hen my wife and I started house-hunting in the country we looked at new contemporary homes, new houses built in traditional styles, and old houses. Naturally, we considered things like layout, heating systems, and dependable plumbing. But we were still drawn to old houses. For me, there was the knowledge that an old house was built by hand—from the hand-dug foundation right up to the hand-split shingle roof. Old houses were built with sheer strength guided by experience and skill. We ended up buying an old house.
Walking through our place you see surfaces that undulate and ripple from hand planes that passed over them nearly 200 years ago. There are chestnut beams with shimmering, faceted surfaces cut by an adze and thick, pine floorboards studded with hand-wrought nails. All the doorways, mantels, and paneling were produced with hand planes from choice Hudson Valley pine. No flakeboard or finger-jointed base molding here.
I wanted to build a special piece for the dining room. With its massive stone fireplace, it is the heart of the house. In the 18 th Century, life revolved around this room. I decided to build the corner cupboard shown in the photo and place it opposite the fireplace. It’s likely that a similar piece occupied the same spot many years ago.
I built the cupboard from tiger maple; much of it was made using antique hand tools. I shaped the molding with planes and scrapers, some of which I made myself. The hard maple surfaces were hand planed, not sanded, and up close you can see small bits of tearout—just as. you would find on cupboards from the 18th Century. The interior of the case is fairly straightforward, aside from a few angles. It is made of pine and joined with dadoes and rabbet joints secured with small cut nails. I mortised and tenoned the cabinet frames and fitted the sash with old, seeded glass. I even used a dark, less-refined shellac to give the wood a warm honey color. Then it was rubbed with a mixture of pumice and linseed oil to achieve an antique-like satin finish. I made the cabinet as it would have been built 200 years ago. When it was completed and placed in the comer, the cupboard and the room came to life. Together they take you back to the 18th Century. It’s a perfect match.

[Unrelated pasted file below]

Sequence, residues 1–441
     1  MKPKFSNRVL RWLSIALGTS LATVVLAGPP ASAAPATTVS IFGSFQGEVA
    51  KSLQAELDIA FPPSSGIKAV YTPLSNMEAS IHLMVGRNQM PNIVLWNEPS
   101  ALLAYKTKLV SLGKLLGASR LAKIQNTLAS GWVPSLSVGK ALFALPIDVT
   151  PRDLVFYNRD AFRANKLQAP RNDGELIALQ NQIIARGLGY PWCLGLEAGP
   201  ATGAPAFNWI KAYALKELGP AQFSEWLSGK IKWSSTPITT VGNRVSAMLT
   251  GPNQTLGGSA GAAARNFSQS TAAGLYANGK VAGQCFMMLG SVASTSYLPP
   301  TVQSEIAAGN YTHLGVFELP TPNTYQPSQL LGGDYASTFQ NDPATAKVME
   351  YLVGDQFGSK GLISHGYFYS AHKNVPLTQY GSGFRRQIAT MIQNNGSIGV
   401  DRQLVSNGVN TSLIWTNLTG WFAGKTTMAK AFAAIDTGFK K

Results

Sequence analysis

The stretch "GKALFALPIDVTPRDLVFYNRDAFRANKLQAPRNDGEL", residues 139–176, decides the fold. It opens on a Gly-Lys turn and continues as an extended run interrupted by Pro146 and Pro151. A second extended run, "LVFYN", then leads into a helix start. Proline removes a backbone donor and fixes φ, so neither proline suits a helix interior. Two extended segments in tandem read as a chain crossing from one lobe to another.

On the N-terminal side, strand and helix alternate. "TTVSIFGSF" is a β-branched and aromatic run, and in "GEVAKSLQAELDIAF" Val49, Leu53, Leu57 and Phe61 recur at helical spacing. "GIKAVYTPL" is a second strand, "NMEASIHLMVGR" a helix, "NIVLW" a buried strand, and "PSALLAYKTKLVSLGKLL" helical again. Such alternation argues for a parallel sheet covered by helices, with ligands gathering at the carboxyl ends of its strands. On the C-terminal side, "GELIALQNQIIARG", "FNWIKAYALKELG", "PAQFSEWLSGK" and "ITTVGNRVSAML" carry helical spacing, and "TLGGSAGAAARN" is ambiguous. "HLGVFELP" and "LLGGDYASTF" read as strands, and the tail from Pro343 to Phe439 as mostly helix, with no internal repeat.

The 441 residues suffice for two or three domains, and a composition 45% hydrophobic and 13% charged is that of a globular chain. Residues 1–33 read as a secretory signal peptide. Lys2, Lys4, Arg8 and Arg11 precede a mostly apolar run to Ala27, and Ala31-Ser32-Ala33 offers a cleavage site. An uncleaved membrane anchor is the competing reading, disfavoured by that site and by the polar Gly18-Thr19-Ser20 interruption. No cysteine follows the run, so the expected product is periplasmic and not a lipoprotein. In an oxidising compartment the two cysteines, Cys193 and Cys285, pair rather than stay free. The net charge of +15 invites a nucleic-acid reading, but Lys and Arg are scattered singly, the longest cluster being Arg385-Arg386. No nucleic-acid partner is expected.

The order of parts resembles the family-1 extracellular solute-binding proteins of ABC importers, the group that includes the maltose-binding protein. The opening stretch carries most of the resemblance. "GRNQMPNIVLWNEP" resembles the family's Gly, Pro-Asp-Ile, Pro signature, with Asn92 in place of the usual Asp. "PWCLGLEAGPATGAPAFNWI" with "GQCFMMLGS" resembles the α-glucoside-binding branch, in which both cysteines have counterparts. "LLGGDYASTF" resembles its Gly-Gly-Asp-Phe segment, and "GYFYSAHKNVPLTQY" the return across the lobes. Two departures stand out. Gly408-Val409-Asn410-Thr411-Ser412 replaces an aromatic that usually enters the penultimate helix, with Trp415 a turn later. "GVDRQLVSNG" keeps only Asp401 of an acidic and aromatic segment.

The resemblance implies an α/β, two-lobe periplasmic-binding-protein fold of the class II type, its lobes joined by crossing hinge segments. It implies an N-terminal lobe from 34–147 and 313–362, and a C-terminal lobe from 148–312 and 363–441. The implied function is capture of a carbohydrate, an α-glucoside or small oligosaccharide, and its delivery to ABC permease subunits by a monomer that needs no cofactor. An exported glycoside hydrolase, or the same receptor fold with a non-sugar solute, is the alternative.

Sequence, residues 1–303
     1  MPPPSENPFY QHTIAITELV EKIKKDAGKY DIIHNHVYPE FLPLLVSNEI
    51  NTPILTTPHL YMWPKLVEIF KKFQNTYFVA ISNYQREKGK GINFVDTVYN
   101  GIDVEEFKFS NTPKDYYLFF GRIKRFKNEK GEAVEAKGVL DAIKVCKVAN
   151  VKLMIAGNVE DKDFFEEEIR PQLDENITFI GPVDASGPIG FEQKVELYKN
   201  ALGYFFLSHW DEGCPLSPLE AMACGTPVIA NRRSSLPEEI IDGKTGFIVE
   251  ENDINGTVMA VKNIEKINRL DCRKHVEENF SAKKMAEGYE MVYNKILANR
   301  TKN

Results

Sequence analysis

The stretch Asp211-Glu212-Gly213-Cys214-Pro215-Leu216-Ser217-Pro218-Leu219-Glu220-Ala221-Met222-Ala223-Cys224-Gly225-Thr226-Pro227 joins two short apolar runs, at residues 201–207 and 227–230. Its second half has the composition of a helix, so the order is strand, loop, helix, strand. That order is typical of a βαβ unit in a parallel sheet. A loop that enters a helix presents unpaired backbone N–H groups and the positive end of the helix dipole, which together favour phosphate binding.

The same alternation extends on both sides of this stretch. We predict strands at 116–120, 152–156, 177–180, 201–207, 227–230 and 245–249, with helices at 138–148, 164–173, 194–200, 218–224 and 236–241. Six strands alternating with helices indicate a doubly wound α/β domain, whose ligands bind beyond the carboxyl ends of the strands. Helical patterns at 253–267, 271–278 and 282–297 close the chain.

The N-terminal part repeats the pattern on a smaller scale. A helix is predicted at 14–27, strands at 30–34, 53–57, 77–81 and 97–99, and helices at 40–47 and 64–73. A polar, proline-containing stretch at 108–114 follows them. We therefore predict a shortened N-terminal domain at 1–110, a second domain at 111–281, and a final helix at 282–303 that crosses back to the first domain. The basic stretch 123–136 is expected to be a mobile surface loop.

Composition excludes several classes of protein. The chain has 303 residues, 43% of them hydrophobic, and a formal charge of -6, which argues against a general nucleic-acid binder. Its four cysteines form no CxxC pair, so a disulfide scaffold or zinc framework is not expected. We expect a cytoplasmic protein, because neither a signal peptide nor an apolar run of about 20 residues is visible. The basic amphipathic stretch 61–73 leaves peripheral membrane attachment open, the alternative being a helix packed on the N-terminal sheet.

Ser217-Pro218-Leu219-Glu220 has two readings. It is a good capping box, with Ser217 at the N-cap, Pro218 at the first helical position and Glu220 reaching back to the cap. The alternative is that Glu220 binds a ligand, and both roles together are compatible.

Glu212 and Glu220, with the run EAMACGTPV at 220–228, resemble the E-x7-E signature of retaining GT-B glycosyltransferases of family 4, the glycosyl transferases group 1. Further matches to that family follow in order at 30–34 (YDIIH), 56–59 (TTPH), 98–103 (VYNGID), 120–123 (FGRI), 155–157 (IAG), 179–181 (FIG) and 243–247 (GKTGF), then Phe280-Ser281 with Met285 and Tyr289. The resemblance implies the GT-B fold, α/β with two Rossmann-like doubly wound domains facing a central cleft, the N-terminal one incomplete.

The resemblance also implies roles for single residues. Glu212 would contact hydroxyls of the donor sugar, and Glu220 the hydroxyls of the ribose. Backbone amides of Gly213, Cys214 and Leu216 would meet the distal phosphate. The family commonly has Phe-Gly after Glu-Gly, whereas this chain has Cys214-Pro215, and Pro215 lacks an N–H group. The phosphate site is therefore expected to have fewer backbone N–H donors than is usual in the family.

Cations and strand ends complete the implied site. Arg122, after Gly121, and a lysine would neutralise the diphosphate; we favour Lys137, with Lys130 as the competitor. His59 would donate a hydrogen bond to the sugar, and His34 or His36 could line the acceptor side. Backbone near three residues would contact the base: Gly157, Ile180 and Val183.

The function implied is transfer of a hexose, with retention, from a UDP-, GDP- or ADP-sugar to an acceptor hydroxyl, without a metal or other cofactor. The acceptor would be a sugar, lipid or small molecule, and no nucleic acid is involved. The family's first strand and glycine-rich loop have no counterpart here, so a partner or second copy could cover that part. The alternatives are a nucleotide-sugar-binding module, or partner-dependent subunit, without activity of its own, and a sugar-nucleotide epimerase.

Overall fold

Like a painting, a piece of furniture needs the proper setting to create the right mood and atmosphere. Not only is the proper period environment important, but so is scale, color, and lighting. These are considerations that will heighten the impact of the piece and contribute to its success. I would enjoy my cupboard planted anywhere but without a doubt I enjoy it more in the dining room of my beautiful old home.
Mario Rodriguez teaches woodworking at Warwick Country Workshops in Warwick, New York, and at the Fashion Institute of Technology in New York City. He is also a contributing editor of Fine Woodworking magazine.